Showing posts from November, 2019

Happy Feet, A Strategic Guide

Tired, achy feet? Itchy? Dry? Strange neuropathies in your feet? Fibro feet? MS feet? Feet that burn or ache at night? Well I have some suggestions based on real science, and they actually work. These ideas may be used by anyone, and are especially appropriate for those who work standing and senior citizens.  If you want to skip the why's and wherefores, scroll down to the techniques section.  But first, a story. My father in law suffered a stroke and soon afterward he had difficulty maintaining a good self care routine. Both my in laws are very responsible about their feet because my mother in law has a rare condition called Charcot Feet, and my father in law had frostbite in WW2. I'm guesstimating that since their 60's they've had a routine of self care with their feet. But it's easy to let it slip when you're suffering the aftereffects of a stroke. And the slower immune system of seniors can lead to a rapid progression from Athlete's Foot

The Great Gluten Free Bread Machine Experiment - Part 7

Say goodbye to itty-bitty bread slices. Another experimental recipe today, part of the learning curve for a bread machine.  Gluten free, no diary, high fiber bread.  I brought up the hydration a whole lot and increased the baking time accordingly.  I added the refinement of a baking alarm after the normal bake was complete, to tell me exactly how long I have to bake it.  This recipe is about the limit in how many cups of flour you can add to a 3 lb capacity machine, about 8 cups if you include the flax, chia and collagen in the flour calculation! There is no psyllium powder in this recipe so if you're sensitive to that, need to stay psyllium free, then this is a good option.  The top did rise, but it formed a valley soon after, probably due to me messing with it too much.  The dough was more like batter and when it rose it was easy to lose air from it by just bumping the machine a bit.  I wanted to try just chia and flax though, to see how it works without psyllium. I wa

The Great Gluten Free Bread Machine Experiment - Part 6

Oat cinnamon raisin toast. So here I am again experimenting with a West Bend Hi-Rise Bread Machine !  This one has two paddles and mixes much better.  However still not as nice as having a mixer, but for the reasons already mentioned, bread machines are the way I want to go for now. As always, this is NOT an affiliate link or any other kind of ad.  It's what I use. I'm happy to shine a light their way though, because this is a great appliance, worth the money. I have three loaves to show you and an experimental recipe for one of them.  One of the nice things about having your own machine is that you can use oat flour, if you tolerate it.  Only about 10% of people with Celiac have a gluten reaction to avenin, the "gluten" in oats.  And oats have a familiar flavor that many people like.  GF bread manufacturers don't use oats because it's risky.  Most farms rotate from oats to wheat or barley and back again on the same land.  And no matter how good the wee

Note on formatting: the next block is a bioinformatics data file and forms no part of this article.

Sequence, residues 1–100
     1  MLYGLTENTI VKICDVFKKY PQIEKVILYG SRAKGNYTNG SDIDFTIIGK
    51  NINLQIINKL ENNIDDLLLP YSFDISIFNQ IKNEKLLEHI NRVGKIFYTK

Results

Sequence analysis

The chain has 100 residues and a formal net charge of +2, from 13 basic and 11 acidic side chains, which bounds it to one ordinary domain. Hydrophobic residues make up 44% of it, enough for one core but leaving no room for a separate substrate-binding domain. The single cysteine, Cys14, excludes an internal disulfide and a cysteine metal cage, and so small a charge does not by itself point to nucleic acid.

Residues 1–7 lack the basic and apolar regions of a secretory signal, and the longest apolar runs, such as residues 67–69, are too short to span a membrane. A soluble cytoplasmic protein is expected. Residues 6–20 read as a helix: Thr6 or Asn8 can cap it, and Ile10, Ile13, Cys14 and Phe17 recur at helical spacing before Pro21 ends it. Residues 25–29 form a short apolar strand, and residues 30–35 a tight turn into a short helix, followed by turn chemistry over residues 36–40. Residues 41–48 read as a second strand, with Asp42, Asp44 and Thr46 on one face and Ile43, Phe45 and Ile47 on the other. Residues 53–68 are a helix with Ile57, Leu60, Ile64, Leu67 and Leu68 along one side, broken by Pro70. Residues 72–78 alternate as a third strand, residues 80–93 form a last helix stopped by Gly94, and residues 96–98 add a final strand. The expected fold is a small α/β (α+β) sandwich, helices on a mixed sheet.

Substantial Sandwich Bread Recipe Part 5

A substantial sandwich bread, gluten free! Taking a tiny break from bread machine recipes to present a Stand-Mixer bread recipe today.  I also want to talk about Amylose and what vinegar has to do with gluten free bread.  In the previous articles in this series, I discovered that mixing is a big problem for most bread machines.  That ends today with a Stand Mixer.  I will go back to a bread machine soon, for all the reasons I've already listed, but let's explore the mixer option a bit first. Today the Kitchen Aid is the standard in baking mixer machines, but I decided to go with a budget model instead since it got rave reviews just last year.  Few bells and whistles, but an excellent mixer. Since gluten free recipes use flours that absorb water more slowly and they have to form a gel "hydrocolloid", not gluten, usually this means bread machine recipes call for more water than you might expect.  As a result, the bread's structure may suffer, and there is a

The Great Gluten Free Bread Machine Experiment - Part 4

Today's results are a bit denser, with zero gummy texture, a lot like a multigrain bread, and it's a great source of dietary fiber. So far the success rate has been 3 out of 4, but at no time has it been easy or "set it and forget it" which is the promise of bread machines.  And I hit yet another snag.  As a result I'm considering a different machine.  I'm noticing that a lot of people say similar things in reviews where families have tried two or three different models before settling on one that works.  That's a bit of a problem, I would think, for the manufacturers. Either we expect too much, or they aren't giving us enough. There also seems to be a trend in bread machines toward one or two high end options and tons of cheap models with limited flexibility in baking.  I've soured on my purchase decision and have regretted buying a cheap model.  I didn't think it was that cheap really.  There are models out right now in the $65 range and